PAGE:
Jump to content

GuidoSarducci

Members
  • Content Count

    245
  • Joined

  • Last visited

Community Reputation

51 Low A-Ball

About GuidoSarducci

  • Rank
    Advanced Member
  • Birthday 3/16/1979

Recent Profile Visitors

539 profile views
  1. It may have been reasonable at the time because revenues didn’t cross state lines to my knowledge. Revenues were local, except maybe radio broadcast but those were local as well, and not sure to what extent teams got revenue from them anyway. A judge who inclined to rule against MLB would not necessarily have to explicitly overturn Holmes decision or claim it was wrong. But instead rule that when baseball teams started doing things like broadcasting games out of market, amongst other things, they ceased to be purely local businesses and instead became interstate enterprises. That way the courts could maintain their precious stare decisisis.
  2. Baseball's antiturst exemption was based on a Supreme Court ruling in 1922. Most recently, it was kind of upheld in 2018 when the Supreme Court denied to hear an appeal. https://ballparkdigest.com/2018/06/12/supreme-court-yet-again-declines-to-strike-down-mlb-antitrust-exemption/#:~:text=The antitrust exemption%2C first granted,subject to federal commerce laws. I doubt the courts would now view baseball as a unique pro sport compared to the NFL, NBA and NHL. In other words, I don';t see an anti-trust case against NFL, NBA or NHL proceeding any differently. But it hasn't really been challenged, outside of a few incidents, I think during one of the lockouts, the NFLPA decertified and was going to pursue an anti-trust case, but a CBA was done before that happened. Edit: Well apparently I'm wrong. https://en.wikipedia.org/wiki/Radovich_v._National_Football_League Although the Court then openly admitted that there was little difference between MLB and NFL, and would have ruled agains tthe MLB had a similar case been brought up at the same time. Great example of how contradictory and the confusing the law can be.
  3. They can try to do that, but then get sued out the a$$. MLB cannot just unilaterally cancel players' contracts. Otherwise they would do it all the time.
  4. Its not a poor business decision if the owners can't turn a profit If you own a business and suddenly conditions change where its no longer profitable without your employees taking a temporary paycut, does it make sense to continue operating if they won't? Or does it make sense to suspend operations until economic conditions improve.
  5. And if the owners decide that playing the season isn't worth it if they aren't getting any stadium revenue?
  6. It would amount to a unilateral cancelling of player contracts. Players would sue the league and win easily. Right now owners can get away with not paying players because baseball isn't being played at all. This leads me to another interesting question, is there any language in the CBA or elsewhere that ties player compensation to a functioning league. It does seem kind of one of those "obvious" things, but are the owners even obligated to have a season at all. For the past few months there have been of course extraordinary circumstances, but if the issue is now that baseball can be played, but the owners want the players to take a paycut, do the players have a legal case that MLB is obligated to pay them regardless of whether or not the owners feel like having a season.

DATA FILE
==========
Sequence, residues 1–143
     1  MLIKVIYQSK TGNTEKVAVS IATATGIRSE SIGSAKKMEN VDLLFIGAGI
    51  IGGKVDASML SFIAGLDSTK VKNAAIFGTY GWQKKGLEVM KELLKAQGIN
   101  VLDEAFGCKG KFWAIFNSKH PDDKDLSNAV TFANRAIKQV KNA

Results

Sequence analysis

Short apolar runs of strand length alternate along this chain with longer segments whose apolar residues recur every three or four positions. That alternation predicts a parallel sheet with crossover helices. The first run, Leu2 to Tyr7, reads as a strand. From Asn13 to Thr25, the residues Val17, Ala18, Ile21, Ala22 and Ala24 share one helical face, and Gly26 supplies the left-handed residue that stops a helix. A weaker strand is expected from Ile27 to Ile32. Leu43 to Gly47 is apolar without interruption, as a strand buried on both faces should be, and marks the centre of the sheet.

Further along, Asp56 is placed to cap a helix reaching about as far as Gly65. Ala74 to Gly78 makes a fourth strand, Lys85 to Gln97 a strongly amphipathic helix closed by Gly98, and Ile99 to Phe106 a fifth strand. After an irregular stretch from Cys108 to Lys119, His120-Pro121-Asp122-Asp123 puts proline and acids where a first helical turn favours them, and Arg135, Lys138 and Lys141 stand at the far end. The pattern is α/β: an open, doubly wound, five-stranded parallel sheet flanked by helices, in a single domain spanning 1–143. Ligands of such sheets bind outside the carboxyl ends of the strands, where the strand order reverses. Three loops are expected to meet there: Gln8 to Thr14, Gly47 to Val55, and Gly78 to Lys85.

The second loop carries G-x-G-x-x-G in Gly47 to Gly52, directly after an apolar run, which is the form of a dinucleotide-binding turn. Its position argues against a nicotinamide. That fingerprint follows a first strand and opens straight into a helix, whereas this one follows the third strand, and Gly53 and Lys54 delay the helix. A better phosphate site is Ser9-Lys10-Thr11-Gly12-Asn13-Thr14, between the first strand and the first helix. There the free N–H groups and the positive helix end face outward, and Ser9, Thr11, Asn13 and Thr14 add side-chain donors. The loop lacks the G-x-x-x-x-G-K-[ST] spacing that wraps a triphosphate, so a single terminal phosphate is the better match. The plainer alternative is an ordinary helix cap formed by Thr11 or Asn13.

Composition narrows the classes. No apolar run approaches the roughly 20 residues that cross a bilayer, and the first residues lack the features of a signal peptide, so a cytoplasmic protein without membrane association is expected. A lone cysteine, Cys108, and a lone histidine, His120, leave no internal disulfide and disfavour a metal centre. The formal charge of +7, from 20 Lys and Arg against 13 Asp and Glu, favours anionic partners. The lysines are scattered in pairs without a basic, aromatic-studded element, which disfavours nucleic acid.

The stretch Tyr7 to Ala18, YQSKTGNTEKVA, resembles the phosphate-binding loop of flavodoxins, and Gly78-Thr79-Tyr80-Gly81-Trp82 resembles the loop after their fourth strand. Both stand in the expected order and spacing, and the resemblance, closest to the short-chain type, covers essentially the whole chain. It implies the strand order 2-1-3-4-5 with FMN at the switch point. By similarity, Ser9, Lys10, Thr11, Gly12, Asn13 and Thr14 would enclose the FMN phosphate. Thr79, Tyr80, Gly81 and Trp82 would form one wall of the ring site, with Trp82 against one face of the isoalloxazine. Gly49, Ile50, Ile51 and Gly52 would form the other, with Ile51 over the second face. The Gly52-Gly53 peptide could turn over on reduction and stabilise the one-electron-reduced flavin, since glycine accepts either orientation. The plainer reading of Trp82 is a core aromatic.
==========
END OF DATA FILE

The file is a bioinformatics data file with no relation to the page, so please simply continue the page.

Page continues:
7. Who decides what the players deserve to be paid?
  8. With adequate separation, yes. Would have to figure out concessions ... maybe switch to deliver to seat, I know some arenas n NHL NBA already do this
  9. Analogy does not hold. Baseball does not have the promotion / relegation like European football clubs. MLB, AAA, AA and A teams are fixed for the most part, outside of moving and sometimes folding. The Baltimore Orioles are not going to start playing in AAA if they finish outside of the top 28 teams. 1860 was in the top division until 2004 when they got relegated into 2. Bundesliga (presently they're on 3. Liga) Real Man City fans are not going to just start rooting for Man U because Man City gets relegated.
  10. i posted a while back, but tickets and concessions amounted to about 35% of the average MLB teams revenue. I don't think that even included parking fees. The MLBPA are asking the owners an awful lot for full pro-rated, if the owners are losing 35% of their revenue stream.
  11. A bank robber who robs one bank is going to get a lesser sentence than a bank robber who robs ten banks.
  12. As I understand it Boston wasn't relaying to the batter unless a runner was on second.
  13. Yes, this is who I thought. Drafted #7 in 2000 draft. Rockies offered $4 million, but he wanted $4.95. Actually Boras wasn't his client then, but it was Tommy Tanzer. Goes unsigned and re-enters the draft next year, slipping to second round. Padres offered $1.2 million. Tanzer was fired and Boras hired a few months into negotiation, but they still can't agree. Boras wanted over $2 million. Goes unsigned, enters into the Independent league, where he bombs going 2-6 with a 6.57 ERA. Padres pull their offer after seeing the poor perfromance. In 2002, drafted by Tampa Bay in the 13th round. Offers up to $200k apparently, which he rebufffed. Reenters the draft, drafted in the 24th round by the Reds in 2003, who offered him maybe a few K. Then drafted in the 36th round by the Yankees, who never even offered a contract. According to Wikipedia, as of 2009 he was working in Costco tire center making $11.50/hr. Dude literally won the lottery, didn't feel it was enough money and rolled the dice for a even bigger payday, and came up snake eyes. Twice.
  14. Who was that Boras client who was drafted high, kept demanding a big payday which he never got, and ended up waning out of baseball in a few years, missing out on millions of dollars ? I think this was early 2000s.
×
×
  • Create New...